How to Pay for Graduate School

October 9, 2013

graduate schoolGraduate school presents the opportunity for many to advance in a particular skill or specialize in a specific area of knowledge. In some cases, a master’s degree is a career move, landing you a better job, or a raise at your current job. Depending on what you want to do, there are situations in which attending graduate school can be worth it. I know my stint at graduate school has more than paid off, even though it got expensive, so today we’ll look at how to pay for graduate school.

The good news is that I had help paying for graduate school. I received a scholarship for a portion of my tuition, and there were subsidized federal loans available for my use. If you are contemplating graduate school, here are some options for helping you pay for it:


One of the best ways to pay for graduate school is through an assistantship. My husband has been on an assistantship since he began his Ph.D. program. This has been quite helpful, since it has resulted in a tuition waiver, and in a modest stipend.

The only costs we have for his graduate schooling are student fees and books. Programs vary, but many assistantships will at at least waive tuition, or pay enough for you to cover a significant portion of your tuition. There are two main types of assistantship:

1. Teaching Assistantship: With this type of assistantship, you teach at least one class a semester. You either follow a curriculum created for you, or create your own.

2) Research Assistantship: If you are interested in research, and not in teaching, one of these assistantships might be a possibility. You assist professors in their research work, gather and analyze data and may even write portions of papers.

Graduate School Scholarships and Fellowships

Even though you won’t find as many scholarships for graduate students as you do for undergraduate students, they are still available. Check with the school to see if there are any scholarships offered, this may be one thing to consider when choosing an MBA program. You can also look online and in your community for graduate scholarships. Many professional organizations offer scholarships, and there are scholarships aimed at specific groups of people, such as different ethnic groups or military personnel.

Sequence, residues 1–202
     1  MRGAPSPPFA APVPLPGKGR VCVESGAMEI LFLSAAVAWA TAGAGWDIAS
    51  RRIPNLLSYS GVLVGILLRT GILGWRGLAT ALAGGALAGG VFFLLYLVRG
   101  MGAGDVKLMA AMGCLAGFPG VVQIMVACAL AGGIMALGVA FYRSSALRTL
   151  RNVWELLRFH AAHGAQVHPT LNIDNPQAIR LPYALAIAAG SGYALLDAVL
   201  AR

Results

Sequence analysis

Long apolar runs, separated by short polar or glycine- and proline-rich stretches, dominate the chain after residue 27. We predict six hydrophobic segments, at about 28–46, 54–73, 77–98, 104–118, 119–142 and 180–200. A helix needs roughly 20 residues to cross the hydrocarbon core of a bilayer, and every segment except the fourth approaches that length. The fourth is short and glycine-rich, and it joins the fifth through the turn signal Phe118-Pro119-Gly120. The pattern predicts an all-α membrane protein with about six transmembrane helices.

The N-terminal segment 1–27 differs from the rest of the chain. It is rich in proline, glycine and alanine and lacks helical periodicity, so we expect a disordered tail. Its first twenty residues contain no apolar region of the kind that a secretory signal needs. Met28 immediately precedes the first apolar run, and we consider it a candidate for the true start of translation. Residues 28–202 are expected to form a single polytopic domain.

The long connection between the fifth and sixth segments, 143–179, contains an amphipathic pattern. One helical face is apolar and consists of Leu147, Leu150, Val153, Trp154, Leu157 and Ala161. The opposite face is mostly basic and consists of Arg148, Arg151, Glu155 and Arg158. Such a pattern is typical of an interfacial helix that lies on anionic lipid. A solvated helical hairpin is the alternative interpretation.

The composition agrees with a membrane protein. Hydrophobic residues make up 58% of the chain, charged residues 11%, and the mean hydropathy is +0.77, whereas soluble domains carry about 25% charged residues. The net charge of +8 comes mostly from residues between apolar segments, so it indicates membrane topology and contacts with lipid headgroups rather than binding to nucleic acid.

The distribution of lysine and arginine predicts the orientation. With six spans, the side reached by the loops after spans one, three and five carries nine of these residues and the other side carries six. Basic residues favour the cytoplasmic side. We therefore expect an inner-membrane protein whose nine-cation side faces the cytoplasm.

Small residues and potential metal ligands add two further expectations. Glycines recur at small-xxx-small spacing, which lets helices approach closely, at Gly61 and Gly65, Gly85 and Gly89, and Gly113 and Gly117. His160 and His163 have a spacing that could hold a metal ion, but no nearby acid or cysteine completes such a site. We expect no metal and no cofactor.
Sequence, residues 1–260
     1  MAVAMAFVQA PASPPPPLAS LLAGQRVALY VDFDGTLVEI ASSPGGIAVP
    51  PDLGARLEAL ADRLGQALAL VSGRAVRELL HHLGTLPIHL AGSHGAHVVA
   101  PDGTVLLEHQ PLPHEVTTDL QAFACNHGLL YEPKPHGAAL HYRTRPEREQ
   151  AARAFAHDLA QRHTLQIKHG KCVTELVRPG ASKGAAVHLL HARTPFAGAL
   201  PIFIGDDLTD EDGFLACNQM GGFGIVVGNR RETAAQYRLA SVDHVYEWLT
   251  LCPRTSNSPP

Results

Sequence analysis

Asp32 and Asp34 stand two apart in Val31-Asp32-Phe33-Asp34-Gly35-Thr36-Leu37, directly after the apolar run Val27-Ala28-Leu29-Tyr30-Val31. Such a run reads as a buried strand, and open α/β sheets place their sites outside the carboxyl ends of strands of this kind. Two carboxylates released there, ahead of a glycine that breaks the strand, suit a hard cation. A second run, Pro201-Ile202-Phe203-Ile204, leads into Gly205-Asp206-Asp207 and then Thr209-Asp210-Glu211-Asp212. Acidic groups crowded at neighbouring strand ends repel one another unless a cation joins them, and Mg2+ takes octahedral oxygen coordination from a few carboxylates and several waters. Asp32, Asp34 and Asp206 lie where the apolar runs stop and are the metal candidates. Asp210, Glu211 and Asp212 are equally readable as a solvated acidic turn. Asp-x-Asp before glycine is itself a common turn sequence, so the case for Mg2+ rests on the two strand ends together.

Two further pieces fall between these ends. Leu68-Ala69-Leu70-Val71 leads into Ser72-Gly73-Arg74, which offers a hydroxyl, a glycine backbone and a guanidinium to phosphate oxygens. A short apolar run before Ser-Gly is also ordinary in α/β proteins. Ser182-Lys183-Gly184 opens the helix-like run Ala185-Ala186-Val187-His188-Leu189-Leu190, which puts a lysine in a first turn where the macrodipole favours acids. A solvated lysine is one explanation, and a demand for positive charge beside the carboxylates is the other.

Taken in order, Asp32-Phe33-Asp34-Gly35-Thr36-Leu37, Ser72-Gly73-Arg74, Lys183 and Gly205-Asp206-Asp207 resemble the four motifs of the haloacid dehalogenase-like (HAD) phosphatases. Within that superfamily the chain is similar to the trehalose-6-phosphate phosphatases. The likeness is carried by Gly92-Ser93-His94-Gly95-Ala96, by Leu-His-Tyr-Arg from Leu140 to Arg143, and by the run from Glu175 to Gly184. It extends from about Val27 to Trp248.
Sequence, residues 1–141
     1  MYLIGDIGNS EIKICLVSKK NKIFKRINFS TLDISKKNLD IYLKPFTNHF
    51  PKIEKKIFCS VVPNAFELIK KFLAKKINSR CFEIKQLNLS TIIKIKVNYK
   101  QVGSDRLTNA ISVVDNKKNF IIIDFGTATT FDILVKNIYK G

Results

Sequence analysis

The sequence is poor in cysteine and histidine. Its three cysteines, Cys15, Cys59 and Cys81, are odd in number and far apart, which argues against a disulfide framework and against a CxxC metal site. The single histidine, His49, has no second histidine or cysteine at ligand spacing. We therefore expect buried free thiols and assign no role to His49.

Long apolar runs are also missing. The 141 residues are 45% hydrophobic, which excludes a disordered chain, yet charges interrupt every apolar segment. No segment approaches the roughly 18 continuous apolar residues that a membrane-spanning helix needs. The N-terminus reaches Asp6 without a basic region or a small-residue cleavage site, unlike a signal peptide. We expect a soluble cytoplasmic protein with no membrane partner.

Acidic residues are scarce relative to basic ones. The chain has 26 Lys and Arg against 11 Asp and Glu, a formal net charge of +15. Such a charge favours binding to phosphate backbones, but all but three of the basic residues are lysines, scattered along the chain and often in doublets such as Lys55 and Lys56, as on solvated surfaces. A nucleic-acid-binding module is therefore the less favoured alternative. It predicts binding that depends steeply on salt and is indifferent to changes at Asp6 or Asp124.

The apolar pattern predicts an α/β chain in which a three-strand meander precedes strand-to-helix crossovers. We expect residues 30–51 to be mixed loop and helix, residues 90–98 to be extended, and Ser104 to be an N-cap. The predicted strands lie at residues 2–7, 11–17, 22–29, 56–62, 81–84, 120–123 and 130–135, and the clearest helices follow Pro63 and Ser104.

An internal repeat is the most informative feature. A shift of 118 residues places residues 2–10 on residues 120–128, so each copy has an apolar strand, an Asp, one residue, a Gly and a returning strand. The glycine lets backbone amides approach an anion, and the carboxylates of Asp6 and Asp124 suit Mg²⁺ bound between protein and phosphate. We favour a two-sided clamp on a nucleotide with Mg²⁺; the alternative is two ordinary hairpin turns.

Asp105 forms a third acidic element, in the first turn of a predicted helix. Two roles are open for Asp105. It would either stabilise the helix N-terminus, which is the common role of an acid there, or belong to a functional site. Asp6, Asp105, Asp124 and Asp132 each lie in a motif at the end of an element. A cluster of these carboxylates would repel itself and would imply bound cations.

Fellowships can also help pay for graduate school. These are programs in which you are sponsored to work on your graduate degree. These can be offered by schools, or by outside organizations. Normally, a fellowship will pay for your tuition, as well as provide an income that allows you to cover living expenses. These are often competitive, and you may be required to teach or perform research as one of the requirements.

Special Programs and Loans

There are also a number of special programs that provide funds that can be used toward graduate school. AmeriCorps, PeaceCorp and the military all have programs aimed helping you pay for school after you complete a certain amount of service. Additionally, you might have an employer with a program that will help you pay for your graduate education. Find out the requirements, and take advantage of these opportunities.

Finally, there are loan programs that can help you pay for graduate school. You can get federal student loans to help you pay, as well as private loans. There are private loans through banks, organizations like, and using the P2P model, as at You can also look on sites like Lending Club and Prosper to see about your peer lending options.

Of course, you can always save up for graduate school. You can work, and you can set aside money to pay for your schooling. You can also use investments to help you pay for your schooling. There is no one way to pay for graduate school, and with some careful planning, you can get your funding from more than one source.

Are you in graduate school? How are you choosing to pay for it? Leave a comment!

This article was originally published November 4th, 2010.


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Miranda writes about personal finance almost every day. An experienced freelance writer, she's covered your money online and in print from every angle and is always looking for new ones.

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5 Responses to How to Pay for Graduate School

  • Roger Wohlner

    Great post. With the rising cost of an undergraduate education these days (I am the father of three btw the ages of 17-22, with one in college and one going next year) kids don’t need to add debt to get a master’s degree. Back in the day Marquette University was good enough to offer me an assistantship/scholarship to pursue my MBA. There would have been no other way for me to afford this other than borrowing at the time, so I am ever grateful. There was a small group of grad assistants, we become close and did many things socially to boot. Overall in my experience a great way to have gotten the degree.


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